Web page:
The problem with movies based on actual events is that you know how they’re going to end. The Titanic sank, the Nazis lost World War II and Secretariat won the Triple Crown. The advantages to such movies though are being able to see the actual people involved in these events, or watch Leonardo DiCaprio hang off a boat.
Secretariat is Disney’s latest feel good movie following the world famous horse as he won the Triple Crown, an intense series of horse races done over a short period of time. His story is told through his owner, Penny Chenery (Diane Lane) and her team of horse trainers as they struggle to convince the world that Secretariat is the horse to bet on. Chenery inherits the family horse farm from her aging father, played by Scott Glenn, who is suffering from dementia. The farm is about to go under when a thoroughbred colt is born who has the potential to be an incredible racehorse. So Penny hires the best and most eccentric trainer she can find, played by John Malkovich, then heads off to the races.
Lane, Glenn, and Malkovich all deliver stunning performances throughout the film. When 10 minutes into a film the audience has tears in their eyes for characters they’ve just been introduced to then the movie is definitely doing something right. Lane takes the audience through the spectrum of emotions of a woman trying to be a housewife, horse manager, and caring for an aging father all without losing her nerve to win.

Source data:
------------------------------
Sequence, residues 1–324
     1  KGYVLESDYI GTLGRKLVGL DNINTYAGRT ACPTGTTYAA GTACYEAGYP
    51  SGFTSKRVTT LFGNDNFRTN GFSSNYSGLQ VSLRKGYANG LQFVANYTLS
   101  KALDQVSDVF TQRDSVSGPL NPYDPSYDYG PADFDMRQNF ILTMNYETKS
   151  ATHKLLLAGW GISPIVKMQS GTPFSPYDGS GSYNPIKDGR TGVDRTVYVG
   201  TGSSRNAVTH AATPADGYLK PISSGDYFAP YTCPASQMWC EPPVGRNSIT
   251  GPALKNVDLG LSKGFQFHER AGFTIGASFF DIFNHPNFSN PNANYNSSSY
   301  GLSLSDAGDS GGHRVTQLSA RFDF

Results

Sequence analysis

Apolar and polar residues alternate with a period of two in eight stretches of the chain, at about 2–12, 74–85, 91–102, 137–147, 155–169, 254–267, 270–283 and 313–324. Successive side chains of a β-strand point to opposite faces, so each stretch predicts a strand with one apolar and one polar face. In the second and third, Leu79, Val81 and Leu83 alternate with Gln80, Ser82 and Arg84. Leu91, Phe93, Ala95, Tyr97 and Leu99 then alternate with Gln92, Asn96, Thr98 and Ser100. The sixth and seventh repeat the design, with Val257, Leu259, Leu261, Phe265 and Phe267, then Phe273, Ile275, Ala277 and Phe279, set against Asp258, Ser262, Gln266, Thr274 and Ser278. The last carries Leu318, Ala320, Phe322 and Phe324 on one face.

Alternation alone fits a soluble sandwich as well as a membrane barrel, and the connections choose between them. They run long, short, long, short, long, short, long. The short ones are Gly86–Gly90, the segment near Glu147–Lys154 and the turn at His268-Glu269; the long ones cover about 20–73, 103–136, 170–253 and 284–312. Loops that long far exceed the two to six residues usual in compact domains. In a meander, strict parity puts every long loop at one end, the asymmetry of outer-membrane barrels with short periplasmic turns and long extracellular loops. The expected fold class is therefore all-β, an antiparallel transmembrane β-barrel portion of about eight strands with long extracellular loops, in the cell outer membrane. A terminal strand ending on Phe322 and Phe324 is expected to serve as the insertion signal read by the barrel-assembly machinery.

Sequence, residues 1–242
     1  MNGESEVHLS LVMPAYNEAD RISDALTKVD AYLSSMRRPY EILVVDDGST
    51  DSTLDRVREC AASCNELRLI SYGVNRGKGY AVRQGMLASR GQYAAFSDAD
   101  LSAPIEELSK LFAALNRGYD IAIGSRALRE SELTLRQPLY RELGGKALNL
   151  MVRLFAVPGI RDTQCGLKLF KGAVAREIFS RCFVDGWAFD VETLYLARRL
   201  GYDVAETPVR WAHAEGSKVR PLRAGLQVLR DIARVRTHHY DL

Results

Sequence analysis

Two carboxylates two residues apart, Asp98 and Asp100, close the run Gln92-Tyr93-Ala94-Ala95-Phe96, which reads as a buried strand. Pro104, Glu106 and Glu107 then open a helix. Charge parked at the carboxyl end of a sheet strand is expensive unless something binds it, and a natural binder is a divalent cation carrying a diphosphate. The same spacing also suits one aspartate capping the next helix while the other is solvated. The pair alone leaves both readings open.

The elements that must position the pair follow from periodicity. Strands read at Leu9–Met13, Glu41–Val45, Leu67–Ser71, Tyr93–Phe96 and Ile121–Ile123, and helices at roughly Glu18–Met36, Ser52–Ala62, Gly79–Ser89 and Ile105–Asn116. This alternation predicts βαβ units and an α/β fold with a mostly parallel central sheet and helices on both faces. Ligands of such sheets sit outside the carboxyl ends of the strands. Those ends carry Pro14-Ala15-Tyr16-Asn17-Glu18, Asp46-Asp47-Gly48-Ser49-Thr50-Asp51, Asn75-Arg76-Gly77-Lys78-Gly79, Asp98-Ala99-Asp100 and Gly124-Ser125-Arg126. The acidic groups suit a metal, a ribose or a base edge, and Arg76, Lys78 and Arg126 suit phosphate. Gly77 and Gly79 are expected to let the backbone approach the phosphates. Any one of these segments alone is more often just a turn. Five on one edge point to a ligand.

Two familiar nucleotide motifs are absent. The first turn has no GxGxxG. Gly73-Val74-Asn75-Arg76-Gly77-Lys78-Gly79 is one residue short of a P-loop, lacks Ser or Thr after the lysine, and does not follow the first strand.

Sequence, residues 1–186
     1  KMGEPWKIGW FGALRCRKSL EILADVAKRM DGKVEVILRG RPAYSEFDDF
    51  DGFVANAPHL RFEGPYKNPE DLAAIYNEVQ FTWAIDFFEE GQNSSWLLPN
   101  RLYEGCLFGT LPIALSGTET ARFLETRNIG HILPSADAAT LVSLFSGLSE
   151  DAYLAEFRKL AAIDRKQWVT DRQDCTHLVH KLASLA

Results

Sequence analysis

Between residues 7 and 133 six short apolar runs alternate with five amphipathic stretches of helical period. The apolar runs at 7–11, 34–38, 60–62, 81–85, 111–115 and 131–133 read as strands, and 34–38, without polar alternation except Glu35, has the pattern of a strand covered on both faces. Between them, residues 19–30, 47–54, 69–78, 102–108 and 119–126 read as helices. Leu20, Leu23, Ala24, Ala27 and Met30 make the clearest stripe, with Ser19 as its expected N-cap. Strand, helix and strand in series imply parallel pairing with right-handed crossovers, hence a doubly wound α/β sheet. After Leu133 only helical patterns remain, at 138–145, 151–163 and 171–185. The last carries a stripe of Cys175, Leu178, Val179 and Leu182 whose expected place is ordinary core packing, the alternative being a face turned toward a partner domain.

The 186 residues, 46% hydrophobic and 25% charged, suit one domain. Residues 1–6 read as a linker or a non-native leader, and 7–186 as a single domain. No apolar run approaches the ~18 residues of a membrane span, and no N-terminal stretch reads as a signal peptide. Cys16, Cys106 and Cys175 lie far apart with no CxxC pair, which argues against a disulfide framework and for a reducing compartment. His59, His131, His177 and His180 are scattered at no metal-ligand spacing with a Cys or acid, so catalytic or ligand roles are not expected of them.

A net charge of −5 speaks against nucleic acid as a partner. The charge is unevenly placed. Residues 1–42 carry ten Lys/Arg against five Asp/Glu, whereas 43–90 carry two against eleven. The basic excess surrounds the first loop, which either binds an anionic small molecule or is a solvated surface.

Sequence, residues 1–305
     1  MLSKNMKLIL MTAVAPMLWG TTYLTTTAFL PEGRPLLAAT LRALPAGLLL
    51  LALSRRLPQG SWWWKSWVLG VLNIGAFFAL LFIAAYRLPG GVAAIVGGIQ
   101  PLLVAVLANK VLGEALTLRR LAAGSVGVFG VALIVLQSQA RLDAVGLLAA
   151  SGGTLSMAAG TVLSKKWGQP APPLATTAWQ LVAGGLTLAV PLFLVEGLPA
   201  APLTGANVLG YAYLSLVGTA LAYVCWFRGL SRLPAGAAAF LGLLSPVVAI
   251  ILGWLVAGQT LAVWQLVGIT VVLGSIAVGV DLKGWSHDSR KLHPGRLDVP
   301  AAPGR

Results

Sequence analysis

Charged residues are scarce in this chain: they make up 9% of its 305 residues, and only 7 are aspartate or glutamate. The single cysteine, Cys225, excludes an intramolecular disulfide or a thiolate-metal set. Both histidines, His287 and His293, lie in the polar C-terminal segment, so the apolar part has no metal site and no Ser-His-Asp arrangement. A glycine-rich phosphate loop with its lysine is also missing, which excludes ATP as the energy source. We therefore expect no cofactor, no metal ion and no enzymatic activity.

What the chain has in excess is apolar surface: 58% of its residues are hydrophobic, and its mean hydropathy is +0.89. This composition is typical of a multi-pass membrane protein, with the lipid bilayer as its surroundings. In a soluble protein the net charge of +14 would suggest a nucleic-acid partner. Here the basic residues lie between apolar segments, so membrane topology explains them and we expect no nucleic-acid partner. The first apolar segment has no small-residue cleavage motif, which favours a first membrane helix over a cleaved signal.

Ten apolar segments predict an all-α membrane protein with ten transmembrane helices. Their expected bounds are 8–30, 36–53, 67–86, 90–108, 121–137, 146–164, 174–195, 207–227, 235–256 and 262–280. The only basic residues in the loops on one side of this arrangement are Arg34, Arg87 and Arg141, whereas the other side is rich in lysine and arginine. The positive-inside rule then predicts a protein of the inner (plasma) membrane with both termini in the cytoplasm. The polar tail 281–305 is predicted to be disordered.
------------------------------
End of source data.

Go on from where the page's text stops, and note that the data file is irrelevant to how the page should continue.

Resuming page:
The film’s only real flaw is the Andy Griffith portrayal of the late 1960’s, which was cleaned and refined by Disney. Lane’s struggle as a woman in a male dominated business doesn’t come across as that big of a struggle, since everyone but the movie’s pseudo-villain, an opposing horse owner played by Nester Sarrano, doesn’t really care and even he treats it more like an 8-year-old teasing girls on the playground. There’s a sub plot of Lane’s oldest daughter becoming a hippy and Lane encourages her to stand up for what she believes in, since apparently in Secretariat, hippies didn’t do drugs and protests never ended in mace and fire hoses, so naturally middle-class families encouraged their children to join.
Overall, Secretariat is a good movie. The acting was compelling even in the Andy Griffith world. The plot was solid without the usual Hollywood cliché of contrived romantic sub plots, or needless action scenes where Lane rides Secretariat through the forest to escape the Ring Wrathes. The overall message of believing in yourself and following what you believe is right comes across as well told and invigorating, even though the intensity of the horse races is diminished some by the fact that you know who’s going to win. It’s Disney’s feel good family movie of the year. As usual Disney showed that they can still tug at our heartstrings, this time by tying them to a big fast horse.
Secretariat is rated PG for some brief language.